Net AI is a 2020 tech spin-out from University of Edinburgh, which uses AI to automate the optimisation of mobile networks. Last year the company raised £750,000 in pre-seed funding from Techstart Ventures, Nauta Capital, Creator Fund, Edinburgh Technology fund – and Old College Capital (OCC).
OCC is University of Edinburgh’s investment vehicle, and Patras said dealing with OCC was very different to the university’s TTO and its approach to tech spin-outs.
“Their mindset was completely different than that of people who negotiate the initial phase… OCC really looked like proper investors, and at times they were, to some extent, feeling that probably they’re not fully aligned with colleagues that manage the licencing,” Patras told The Stack.
Net AI’s equity situation was somewhat different, as the IP behind the company had several inventors, and the university could only lay claim to Patras’ portion. But he said the spin-out negotiation was still long and drawn-out, although, with University of Edinburgh taking just 10%, Patras acknowledged “we got a really good deal”.
“We shouldn’t have gone through the whole lengthy negotiation process for something which was to me now in hindsight, obvious. Because now if I was in the shoes of a private investor, I would never invest in a company where the majority of the shares are in the hands of an inactive player, who has no incentive and no skills to turn this into a successful business,” he said.
Perhaps unsurprisingly, VC investors agree. Last year Nathan Benaich, general partner at Air Street Capital and an author of the State of AI report, called out European universities for “short-termism” in dealing with spin-outs, and accused them of treating founders as “problem children”.
“Parting with too much equity from day one is a structural and motivational problem. Spinout founders become minority shareholders of their own businesses. This leaves them unable to attract the necessary talent and funding in a globally competitive market,” said Benaich.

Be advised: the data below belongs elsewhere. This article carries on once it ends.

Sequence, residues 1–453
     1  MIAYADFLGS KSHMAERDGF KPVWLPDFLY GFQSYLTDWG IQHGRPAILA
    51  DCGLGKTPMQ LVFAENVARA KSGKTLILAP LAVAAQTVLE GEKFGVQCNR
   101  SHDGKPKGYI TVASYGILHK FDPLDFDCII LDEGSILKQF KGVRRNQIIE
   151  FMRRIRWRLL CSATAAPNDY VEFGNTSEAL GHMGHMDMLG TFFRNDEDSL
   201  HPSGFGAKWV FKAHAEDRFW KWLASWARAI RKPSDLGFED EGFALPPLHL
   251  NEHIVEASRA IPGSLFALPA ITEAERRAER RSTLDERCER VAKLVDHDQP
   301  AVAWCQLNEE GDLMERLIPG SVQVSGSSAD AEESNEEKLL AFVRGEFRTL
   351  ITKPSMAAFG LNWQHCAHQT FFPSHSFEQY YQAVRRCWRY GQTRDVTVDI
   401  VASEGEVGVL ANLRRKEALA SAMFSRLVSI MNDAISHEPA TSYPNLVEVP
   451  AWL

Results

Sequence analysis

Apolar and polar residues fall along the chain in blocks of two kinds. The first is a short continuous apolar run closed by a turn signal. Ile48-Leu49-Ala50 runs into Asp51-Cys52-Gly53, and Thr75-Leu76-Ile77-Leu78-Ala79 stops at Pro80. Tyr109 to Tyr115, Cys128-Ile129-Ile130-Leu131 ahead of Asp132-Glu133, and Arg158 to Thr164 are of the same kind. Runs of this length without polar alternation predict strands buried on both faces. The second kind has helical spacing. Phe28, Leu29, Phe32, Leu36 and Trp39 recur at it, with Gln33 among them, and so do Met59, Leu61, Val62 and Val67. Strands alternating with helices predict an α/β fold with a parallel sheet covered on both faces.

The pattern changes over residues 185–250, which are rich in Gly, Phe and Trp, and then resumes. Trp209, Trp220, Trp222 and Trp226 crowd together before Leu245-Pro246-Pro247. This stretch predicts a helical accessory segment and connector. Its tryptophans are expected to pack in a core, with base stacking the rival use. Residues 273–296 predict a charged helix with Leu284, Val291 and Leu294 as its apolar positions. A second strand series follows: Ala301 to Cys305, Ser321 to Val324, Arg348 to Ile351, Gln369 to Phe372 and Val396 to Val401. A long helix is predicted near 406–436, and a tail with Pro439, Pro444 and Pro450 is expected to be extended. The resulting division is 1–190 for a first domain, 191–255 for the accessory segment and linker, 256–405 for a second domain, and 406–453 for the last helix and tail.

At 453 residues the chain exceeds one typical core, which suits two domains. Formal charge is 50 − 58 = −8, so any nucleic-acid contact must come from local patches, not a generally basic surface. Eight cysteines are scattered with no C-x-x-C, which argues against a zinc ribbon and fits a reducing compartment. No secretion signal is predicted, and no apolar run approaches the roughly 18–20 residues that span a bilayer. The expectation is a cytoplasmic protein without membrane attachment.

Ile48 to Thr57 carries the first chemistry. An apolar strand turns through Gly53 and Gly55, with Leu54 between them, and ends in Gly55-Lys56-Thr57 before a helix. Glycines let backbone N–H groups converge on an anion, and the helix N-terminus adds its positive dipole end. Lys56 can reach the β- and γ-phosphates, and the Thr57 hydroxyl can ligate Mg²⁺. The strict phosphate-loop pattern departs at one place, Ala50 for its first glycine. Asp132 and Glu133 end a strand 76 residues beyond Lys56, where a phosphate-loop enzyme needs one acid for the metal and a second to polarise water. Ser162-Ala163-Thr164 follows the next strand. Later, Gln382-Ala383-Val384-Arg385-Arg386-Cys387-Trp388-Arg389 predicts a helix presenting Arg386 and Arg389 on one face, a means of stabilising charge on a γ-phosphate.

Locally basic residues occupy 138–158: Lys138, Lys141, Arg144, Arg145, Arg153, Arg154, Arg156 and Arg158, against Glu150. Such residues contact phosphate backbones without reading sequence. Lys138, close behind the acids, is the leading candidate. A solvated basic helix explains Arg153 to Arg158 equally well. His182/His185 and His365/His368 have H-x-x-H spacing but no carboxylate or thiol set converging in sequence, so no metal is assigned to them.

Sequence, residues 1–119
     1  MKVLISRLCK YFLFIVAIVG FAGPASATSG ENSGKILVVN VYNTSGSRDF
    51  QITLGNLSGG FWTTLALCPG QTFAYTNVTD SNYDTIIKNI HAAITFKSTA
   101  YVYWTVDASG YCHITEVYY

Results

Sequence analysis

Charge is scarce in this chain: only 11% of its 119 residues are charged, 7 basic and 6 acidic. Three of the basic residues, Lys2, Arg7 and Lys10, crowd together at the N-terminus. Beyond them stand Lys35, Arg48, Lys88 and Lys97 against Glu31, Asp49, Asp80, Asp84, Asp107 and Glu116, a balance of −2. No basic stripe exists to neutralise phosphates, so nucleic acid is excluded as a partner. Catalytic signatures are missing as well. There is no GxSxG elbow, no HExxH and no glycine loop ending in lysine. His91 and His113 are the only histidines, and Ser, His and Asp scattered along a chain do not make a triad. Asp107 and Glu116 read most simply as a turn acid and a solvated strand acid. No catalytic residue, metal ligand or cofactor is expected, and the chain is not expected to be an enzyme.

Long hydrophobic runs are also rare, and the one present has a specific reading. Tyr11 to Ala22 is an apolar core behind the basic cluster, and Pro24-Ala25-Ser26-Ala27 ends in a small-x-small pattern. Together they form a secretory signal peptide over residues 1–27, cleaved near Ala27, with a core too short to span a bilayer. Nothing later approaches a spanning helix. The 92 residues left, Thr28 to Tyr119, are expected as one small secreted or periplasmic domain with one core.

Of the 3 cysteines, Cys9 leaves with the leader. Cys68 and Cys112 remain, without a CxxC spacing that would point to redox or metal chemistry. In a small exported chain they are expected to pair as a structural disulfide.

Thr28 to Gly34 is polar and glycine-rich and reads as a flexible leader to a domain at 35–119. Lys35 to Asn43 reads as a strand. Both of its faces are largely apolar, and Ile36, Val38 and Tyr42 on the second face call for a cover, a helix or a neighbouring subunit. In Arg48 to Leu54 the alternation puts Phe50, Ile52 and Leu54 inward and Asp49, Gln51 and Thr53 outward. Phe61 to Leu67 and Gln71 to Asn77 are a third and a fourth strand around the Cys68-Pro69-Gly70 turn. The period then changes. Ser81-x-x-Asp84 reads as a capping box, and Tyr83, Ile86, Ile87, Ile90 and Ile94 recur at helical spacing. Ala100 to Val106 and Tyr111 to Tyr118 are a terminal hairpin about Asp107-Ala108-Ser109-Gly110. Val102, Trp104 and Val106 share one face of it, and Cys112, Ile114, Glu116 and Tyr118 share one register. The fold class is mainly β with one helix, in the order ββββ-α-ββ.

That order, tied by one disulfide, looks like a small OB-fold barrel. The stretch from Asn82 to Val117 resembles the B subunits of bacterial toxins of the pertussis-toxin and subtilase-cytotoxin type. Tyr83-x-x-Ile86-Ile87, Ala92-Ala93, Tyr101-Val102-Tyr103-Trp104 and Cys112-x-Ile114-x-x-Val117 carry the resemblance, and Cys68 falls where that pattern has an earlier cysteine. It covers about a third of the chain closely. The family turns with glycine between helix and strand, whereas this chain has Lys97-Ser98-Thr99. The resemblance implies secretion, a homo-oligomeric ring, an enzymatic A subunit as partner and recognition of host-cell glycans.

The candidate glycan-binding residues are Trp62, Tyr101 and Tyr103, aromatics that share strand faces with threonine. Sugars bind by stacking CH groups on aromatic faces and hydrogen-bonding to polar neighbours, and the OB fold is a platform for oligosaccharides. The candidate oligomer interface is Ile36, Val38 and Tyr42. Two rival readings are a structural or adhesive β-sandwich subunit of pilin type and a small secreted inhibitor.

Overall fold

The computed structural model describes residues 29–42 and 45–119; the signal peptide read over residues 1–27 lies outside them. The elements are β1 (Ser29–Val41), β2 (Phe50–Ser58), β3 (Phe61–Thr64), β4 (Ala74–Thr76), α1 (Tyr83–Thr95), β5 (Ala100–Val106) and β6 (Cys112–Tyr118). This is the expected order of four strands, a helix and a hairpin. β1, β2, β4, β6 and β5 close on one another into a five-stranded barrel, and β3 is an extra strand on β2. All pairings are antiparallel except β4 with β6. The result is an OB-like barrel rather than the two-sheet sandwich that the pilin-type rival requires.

Oldfield also pointed out spin-out founders are often in a vulnerable position, making the transition from academia to the less-familiar world of business – and at the wrong end of the power dynamic.
“I did need the university in order to kickstart it. So I had absolutely no bargaining power – they know that I’m not going to pull out. So we’re negotiating in good faith, supposedly, but I was in a much weaker position, and also had no experience in a negotiation ever.”
Patras has seen the opposite experience, where prospective founders walk away from a tech spin-out deal when they see the university’s demands.
“It’s a big commitment, you’re parking an academic career, and maybe you’ve been successful at that. Trying to explore a new opportunity, and when you realise that you don’t have the right support, and this is not really kind of rewarding enough, you’ll say, well, actually, why should I do this?” he said.
What are the solutions?
The Understanding AI report makes two main suggestions to improve the tech spin-out process: create direct government incentives, and subsidy of commercial alumni ecosystems.
“The UK government could opt to provide universities with a new Key Performance Indicator (KPI) which encourages spinout formation, committing TTOs to achieving a certain number of spinouts created in a given timeframe,” said the report on the first suggestion.
Benaich offered a more radical proposal, along the lines of American TTOs: “A globally competitive standardised deal offering TTOs a choice of either 1-5 per cent common equity, 1 per cent royalty on net sales, or 1 per cent of the exit value upon M&A or IPO.”
But his two other suggestions – incentivising universities to boost numbers of tech spin-outs, and alumni ecosystems – are in line with last week’s UK government report.
“Governments must nudge universities into creating cohesive and supportive alumni ecosystems — a US-style alma mater — that feed future investment in the institutions through mentorship and donations. In the longer term, we should create sovereign wealth funds to help strengthen underfunded academic institutions and reduce their dependence on monetising spinouts,” said Benaich.
Oldfield points out universities don’t only benefit financially from spin-outs. Salsa Sound’s success during Covid translated to a big impact on Salford’s Research Excellence Framework (REF) assessment – the crucial measure of success for universities.
“And so regardless of how much equity they got in our business, they’ve not monetised any of that so far. But they have monetised the fact that they are involved in a spin-out company at all, even if they had 2% of our company, they would still have benefited from that,” he said.
For his part, Patras is clear that TTOs need to focus on long-term value in tech spin-outs, rather than short-term equity: “It’s much better to have 5% of a company that becomes the size of Yahoo, then have 50% of the company that exits in one year for £5 million.”